Political Insider

An AJC blog about Atlanta politics, Georgia politics, Georgia and metro Atlanta election campaigns. Because all politics is local.

The MARTA rail bill resurrected: Here's your copy

Our AJC colleague Aaron Gould Sheinin has copped a hard copy of the new version of the MARTA rail bill.

The bill would create two regions. The city of Atlanta would be allowed to levy, via a November referendum, a half-percent sales tax that would run concurrent with the present one-penny sales tax, in order to double down on rail in the city. Roughly $2.5 billion in projects could be financed, by one estimate.

North and south Fulton County, outside Atlanta, would be allowed to levy a five-year, .75 percent sales tax, also by referendum. Presumably that would be for roads and bridges. That means a .25 percent tax could be levied in the future, should north Fulton change its mind about rail.

Most importantly, the two-region strategy would eliminate the impasse that had been building over rail in Fulton County -- with transit and anti-transit forces able to veto the proposal of the other.

House Speaker pro tem Jan Jones, R-Milton, has been in charge of this heavy, last-minute lift. Read about it below.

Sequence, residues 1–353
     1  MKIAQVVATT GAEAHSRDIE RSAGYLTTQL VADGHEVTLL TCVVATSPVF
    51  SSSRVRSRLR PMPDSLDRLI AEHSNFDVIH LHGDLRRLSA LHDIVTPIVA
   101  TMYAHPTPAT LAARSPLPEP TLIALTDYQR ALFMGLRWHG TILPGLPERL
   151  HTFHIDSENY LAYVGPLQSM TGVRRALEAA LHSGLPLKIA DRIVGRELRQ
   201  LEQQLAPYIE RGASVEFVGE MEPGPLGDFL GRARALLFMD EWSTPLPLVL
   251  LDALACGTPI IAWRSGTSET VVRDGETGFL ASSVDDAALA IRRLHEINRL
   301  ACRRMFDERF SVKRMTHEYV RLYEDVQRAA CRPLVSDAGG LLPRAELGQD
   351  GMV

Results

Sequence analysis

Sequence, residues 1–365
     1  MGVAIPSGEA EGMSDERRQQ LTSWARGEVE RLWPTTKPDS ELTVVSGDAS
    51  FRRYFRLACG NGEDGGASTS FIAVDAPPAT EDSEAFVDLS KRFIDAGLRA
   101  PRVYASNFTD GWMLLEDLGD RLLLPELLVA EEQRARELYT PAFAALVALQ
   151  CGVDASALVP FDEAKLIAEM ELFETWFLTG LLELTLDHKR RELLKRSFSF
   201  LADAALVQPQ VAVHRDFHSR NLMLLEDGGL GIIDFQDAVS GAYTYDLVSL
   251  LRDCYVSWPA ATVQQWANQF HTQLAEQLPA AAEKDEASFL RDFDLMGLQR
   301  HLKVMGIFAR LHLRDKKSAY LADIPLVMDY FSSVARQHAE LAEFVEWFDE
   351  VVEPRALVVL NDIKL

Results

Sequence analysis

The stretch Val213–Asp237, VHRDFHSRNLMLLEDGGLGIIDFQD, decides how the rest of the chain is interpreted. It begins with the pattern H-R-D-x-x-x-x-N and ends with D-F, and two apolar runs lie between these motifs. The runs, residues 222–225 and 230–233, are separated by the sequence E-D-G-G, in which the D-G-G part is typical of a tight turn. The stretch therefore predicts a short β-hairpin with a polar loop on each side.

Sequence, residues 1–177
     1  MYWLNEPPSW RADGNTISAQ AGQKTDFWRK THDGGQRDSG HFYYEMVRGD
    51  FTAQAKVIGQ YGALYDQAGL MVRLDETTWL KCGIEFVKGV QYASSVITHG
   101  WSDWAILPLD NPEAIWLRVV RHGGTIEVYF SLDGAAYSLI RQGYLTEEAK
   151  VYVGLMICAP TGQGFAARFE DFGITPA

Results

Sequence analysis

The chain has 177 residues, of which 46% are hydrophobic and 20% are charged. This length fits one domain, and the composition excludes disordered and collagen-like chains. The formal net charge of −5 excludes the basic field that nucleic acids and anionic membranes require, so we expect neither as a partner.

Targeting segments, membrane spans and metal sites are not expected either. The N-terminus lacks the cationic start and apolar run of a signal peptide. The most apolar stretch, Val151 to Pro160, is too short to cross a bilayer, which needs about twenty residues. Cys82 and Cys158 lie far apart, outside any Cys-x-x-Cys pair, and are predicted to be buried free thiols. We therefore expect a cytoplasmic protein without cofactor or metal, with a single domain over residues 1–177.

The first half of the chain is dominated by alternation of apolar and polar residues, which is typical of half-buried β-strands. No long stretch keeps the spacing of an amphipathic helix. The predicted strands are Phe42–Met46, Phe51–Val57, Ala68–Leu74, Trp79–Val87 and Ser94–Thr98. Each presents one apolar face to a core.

The first of two takes:

The second of two takes:

The bill is expected to make its debut at 2 p.m. today in a meeting of the House Regulated Industries Committee. SB 369, a fireworks bill, will be the gutted vehicle. The idea is to send the measure to the Senate on an agree/disagree basis that goes straight to the chamber's floor -- avoiding a screen by the Senate GOP caucus, where north metro Atlanta lawmakers hold greater sway.

Gov. Nathan Deal chimed in on the effort to expand mass transit as well:

"We are in a changing environment here in our state, especially in the metropolitan area. There have been some interesting discussions," he said, adding: "I don’t know what the final product will be. I know there have been some twists and turns in the process. But the expansion of MARTA comes down now to those who are willing to financially support it. They should have the primary say-so over whether they see fit to do so."


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About the Author

Jim Galloway is a three-decade veteran of The Atlanta Journal-Constitution who writes the Political Insider blog and column.